Seasonal slug development and effects from weather (temperature and wind):
Monitor twice a week, if possible, as populations can increase rapidly and crop damage may result. The more you inspect, the more slug shelters you set up, the more accurate feeling you will have for slug activity. Identify the slug “hot spots” in your field.
(Dec-Feb) Winter. Slugs are not active when night temperatures dip at or are below freezing. Typically it is too cold (< 34°F) and too wet to treat a field this time of year. Heavy winter rains following bait application can lead to control failure because of reduced residual action and slugs are immobile. The adult stage and some eggs overwinter in the PNW. If a freeze occurs, it takes 4-5 days until slugs will become active again. Baiting for juveniles and adults at the right time in the Fall reduces egg laying, so less spring activity.
(Sep-Nov) Fall. Following a sufficient rain or irrigation, soil moisture increases will increase slug activity as they return back to ground surface feeding after a dry hot summer. Slug activity is stimulated by falling temperatures and increased moisture. Slug numbers are highest in October and November. Fall is a good time to treat for slugs when there is a window of opportunity, optimum weather and ground activity. Baiting in Fall reduces the 1st egg load so less spring activity-may need two applications. Adult slugs will mate and lay egg, until optimum slug weather declines. Typically, egg-laying after mid-October results in little to no hatching until the following spring.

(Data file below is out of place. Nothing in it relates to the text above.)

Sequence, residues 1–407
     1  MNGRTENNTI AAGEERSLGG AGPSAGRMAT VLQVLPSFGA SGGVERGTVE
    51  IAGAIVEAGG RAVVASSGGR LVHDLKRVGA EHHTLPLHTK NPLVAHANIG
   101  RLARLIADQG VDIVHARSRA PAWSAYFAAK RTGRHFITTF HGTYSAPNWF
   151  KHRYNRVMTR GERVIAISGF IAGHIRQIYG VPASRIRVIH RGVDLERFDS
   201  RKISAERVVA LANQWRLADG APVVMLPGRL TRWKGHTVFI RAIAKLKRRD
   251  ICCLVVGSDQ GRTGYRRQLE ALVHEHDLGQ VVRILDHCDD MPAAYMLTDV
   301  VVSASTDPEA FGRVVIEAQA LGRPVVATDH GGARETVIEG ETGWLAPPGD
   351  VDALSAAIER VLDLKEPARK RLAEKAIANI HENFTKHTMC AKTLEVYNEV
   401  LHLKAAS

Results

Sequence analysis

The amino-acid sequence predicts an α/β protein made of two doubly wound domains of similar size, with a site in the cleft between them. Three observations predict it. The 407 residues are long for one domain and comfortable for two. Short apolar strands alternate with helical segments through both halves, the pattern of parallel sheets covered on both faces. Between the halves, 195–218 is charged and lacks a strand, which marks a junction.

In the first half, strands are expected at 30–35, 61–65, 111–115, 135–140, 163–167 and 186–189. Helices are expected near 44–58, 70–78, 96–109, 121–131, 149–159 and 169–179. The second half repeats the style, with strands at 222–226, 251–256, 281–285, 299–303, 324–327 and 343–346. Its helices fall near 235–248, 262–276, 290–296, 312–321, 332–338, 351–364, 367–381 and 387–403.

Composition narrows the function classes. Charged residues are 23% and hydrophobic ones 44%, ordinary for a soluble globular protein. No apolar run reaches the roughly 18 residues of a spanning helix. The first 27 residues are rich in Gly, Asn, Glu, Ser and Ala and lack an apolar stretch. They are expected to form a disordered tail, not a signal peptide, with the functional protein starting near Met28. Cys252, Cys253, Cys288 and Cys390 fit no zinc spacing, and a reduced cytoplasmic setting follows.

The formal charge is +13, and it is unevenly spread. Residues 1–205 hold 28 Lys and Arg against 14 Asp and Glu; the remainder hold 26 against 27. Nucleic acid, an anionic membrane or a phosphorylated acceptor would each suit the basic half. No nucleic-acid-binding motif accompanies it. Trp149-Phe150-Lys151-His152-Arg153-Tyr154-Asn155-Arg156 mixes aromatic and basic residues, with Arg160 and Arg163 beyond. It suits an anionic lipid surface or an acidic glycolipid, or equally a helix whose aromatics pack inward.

(Mar-Jun) Spring. Adults become active after cold winter months pass and proceed to lay the majority of their eggs. Tiny neonates begin hatching in spring. Neonates do not feed on baits, they are primarily algal and fungus-feeders, however they will also readily feed on plants. Egg-laying ends in late May. Many neonates and juveniles feed in the spring. It is difficult for machinery to enter a wet and saturated field in the spring to treat for slugs, and rains can reduce effectiveness of baiting. However, when conditions are favorable, treat with small pellets for juveniles.
(Jul-Aug) Summer. Slugs become less active on surface as soil temperatures rise (> 70°F) and moisture falls. Slug have the ability to aestivate (rest) for several months by hiding under residue, traveling deep in soil cracks, vole or earthworm burrows. If you treat in summer to reduce slug numbers before fall-planting, choose a date when dewpoint is high at ground level.
Nightcrawlers. Nightcrawlers are capable of reducing baits by 20% during mid-November to mid-May. Using baits when an abundance of earthworms are present only protected 25% of new seedlings.